Having a snowboard doesn't have much point if you are unsure of how to use it. The hardest part is getting started, but once you learn how to started, all it takes is practice. To learn how to get started so that you have something to practice, read on.
First and foremost, find a snowboard that is the right size for you. Snowboards differ in width and length and greatly affect how you perform. Getting a board which is the wrong size for you can make snowboarding much more difficult. Consult a store clerk or do some online research to ensure a fitting board.
Skiing is quite similar to snowboarding. In snowboarding, the movements involved, the way you move/position your body are very similar to skiing. Once positioned, take a few deep breaths and relax your muscles, stressed or not. It is important to stay relaxed, because tensing up increases your chances of obtaining an injury.
Staying relaxed includes not locking your knees. Think of your knees as if they are shock absorbers, going over bumps and divots is going to hurt them, so be sure to keep them slightly bent and relaxed.
Now that you are on a fitting board, positioned and relaxed, ride the board with your front foot strapped in and try to go across the hill before attempting to go down it. Once you are comfortable, strap in the other foot.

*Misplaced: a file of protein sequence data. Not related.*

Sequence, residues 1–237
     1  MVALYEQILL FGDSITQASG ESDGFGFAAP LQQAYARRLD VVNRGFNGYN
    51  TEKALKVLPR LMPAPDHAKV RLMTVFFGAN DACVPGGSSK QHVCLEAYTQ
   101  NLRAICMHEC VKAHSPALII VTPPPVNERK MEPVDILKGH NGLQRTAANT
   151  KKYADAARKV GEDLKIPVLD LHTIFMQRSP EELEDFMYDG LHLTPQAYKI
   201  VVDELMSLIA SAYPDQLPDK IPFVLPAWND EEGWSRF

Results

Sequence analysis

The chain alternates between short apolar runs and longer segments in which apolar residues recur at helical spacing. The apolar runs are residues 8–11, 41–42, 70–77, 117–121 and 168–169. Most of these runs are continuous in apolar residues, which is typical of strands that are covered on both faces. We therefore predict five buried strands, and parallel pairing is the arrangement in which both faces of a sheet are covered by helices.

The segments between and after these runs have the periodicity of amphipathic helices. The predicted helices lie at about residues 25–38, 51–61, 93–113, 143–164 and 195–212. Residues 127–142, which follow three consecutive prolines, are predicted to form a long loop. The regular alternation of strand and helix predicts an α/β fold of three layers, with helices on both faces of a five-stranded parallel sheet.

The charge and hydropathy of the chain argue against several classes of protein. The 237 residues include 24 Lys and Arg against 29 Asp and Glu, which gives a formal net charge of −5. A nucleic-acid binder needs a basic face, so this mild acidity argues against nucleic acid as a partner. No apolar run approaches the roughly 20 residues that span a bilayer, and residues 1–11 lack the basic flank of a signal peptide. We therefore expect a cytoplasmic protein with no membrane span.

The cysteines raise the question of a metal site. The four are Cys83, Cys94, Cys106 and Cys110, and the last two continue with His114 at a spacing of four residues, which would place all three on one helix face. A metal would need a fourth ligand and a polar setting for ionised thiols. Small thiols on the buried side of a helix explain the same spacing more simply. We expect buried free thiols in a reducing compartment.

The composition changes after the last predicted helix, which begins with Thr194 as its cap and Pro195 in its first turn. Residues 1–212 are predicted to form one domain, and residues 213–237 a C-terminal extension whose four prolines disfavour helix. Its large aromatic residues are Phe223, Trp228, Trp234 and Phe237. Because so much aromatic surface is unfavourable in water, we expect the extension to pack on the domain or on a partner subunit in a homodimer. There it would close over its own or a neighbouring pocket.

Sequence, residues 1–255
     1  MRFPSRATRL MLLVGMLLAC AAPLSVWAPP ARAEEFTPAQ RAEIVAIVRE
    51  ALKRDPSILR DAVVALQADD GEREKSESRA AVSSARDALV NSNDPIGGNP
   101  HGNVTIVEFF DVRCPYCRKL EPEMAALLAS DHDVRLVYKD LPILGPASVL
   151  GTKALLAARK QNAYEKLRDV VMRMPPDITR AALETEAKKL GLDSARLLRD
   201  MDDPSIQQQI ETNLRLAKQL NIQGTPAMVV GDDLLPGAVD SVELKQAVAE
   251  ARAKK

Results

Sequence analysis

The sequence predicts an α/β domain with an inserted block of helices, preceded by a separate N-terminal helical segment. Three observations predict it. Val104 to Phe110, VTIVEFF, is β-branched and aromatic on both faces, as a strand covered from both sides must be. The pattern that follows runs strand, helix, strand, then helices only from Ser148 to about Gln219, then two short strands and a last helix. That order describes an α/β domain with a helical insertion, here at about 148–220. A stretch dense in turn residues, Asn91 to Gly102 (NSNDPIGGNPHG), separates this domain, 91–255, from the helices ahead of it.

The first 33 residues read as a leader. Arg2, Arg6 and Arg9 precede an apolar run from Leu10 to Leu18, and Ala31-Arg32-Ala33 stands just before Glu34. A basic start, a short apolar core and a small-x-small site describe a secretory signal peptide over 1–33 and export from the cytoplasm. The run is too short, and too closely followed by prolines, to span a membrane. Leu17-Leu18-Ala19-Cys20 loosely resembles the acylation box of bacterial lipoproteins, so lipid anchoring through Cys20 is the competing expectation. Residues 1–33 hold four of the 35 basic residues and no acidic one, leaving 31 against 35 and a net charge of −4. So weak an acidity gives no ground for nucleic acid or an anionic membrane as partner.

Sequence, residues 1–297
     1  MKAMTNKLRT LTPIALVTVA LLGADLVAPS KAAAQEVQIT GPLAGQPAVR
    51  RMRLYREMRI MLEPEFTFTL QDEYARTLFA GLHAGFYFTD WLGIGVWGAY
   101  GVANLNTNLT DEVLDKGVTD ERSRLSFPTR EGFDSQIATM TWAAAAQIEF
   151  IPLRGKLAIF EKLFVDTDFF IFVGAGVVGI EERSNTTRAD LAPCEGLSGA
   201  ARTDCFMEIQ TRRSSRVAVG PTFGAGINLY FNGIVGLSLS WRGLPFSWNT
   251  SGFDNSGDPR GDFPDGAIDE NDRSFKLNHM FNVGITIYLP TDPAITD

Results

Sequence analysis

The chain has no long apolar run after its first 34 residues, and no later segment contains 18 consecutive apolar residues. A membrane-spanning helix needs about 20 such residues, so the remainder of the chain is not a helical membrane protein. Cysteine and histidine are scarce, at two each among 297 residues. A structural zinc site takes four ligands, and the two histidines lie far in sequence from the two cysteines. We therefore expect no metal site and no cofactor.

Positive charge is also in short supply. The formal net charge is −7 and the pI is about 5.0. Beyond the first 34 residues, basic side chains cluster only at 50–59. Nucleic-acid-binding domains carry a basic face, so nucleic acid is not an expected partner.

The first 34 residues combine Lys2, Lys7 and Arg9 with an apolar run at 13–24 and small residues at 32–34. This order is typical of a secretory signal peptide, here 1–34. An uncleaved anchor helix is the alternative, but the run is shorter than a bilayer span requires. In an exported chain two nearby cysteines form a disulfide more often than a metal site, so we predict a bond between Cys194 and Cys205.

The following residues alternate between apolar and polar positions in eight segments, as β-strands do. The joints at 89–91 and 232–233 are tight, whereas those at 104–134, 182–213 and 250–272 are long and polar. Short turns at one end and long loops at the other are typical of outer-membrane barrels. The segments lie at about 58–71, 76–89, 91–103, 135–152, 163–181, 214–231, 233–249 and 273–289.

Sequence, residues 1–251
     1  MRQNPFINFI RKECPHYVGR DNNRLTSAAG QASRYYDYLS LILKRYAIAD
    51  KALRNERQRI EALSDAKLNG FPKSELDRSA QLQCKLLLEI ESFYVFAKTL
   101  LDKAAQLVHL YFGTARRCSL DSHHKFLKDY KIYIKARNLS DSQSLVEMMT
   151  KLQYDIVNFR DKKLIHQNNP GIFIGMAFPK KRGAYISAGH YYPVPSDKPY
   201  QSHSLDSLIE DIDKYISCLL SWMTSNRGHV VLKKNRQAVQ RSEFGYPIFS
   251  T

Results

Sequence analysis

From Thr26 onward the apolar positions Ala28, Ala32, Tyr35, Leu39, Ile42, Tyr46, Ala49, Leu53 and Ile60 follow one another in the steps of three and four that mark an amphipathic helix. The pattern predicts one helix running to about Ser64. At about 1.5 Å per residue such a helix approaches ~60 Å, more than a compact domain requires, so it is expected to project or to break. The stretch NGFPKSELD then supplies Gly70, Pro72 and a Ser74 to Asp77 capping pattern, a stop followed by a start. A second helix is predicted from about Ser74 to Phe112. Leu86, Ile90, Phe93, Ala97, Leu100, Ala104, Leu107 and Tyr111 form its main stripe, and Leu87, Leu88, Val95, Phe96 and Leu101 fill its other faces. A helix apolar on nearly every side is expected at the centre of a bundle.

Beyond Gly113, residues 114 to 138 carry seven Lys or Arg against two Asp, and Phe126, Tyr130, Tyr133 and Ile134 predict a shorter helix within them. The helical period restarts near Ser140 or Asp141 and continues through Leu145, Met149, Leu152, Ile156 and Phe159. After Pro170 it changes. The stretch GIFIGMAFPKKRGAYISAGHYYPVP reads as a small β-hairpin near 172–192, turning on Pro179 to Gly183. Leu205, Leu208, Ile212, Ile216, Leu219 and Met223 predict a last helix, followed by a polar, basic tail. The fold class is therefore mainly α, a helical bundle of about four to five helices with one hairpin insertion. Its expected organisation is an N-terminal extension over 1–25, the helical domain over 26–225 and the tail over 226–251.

Use your front,(not back) foot to steer as you start going down the hill. While pressing your heel down, lift up your toe. Move your hips backward, and you are snowboarding! To stop, simply turn yourself so that you are facing up the hill. This will slow you down and you will skid to a halt.
The knowledge of how to snowboard isn't very useful if you don't have a snowboard. Use the following advice and choose your board accordingly.
Freestyle boards are most popular amongst beginners, as learning to turn with the board is fairly easy. The nose and tail of this board are identical, which is an uncommon feature. It is moderately short, wide, and flexible. Buy a soft and short boot for this board.
Freeride boards are boards used for a variety of snow types and terrains. Industrial in its design, you can go off the trails or on the trails or wherever you find snow. Its design is long and thin. There are both freeride and freecave boards, although they vary slightly in their performance. Buy soft and tall boots along with soft bindings.
Alpine or Race boards are often used in competitions. The board is thinner than other boards, making it more stable, and enables it to reach high velocities and take quick turns. The tip is less curved and the tail is almost flat, allowing for the greatest edge contact between the board and the snow. There are both the giant slalom and the slalom boards. Buy a boot similar to a ski boot, as it will provide the maximum support and control.
Now that you know the steps to start snowboarding, get out there. Just remember,if you still feel uncomfortable, you can always take lessons.
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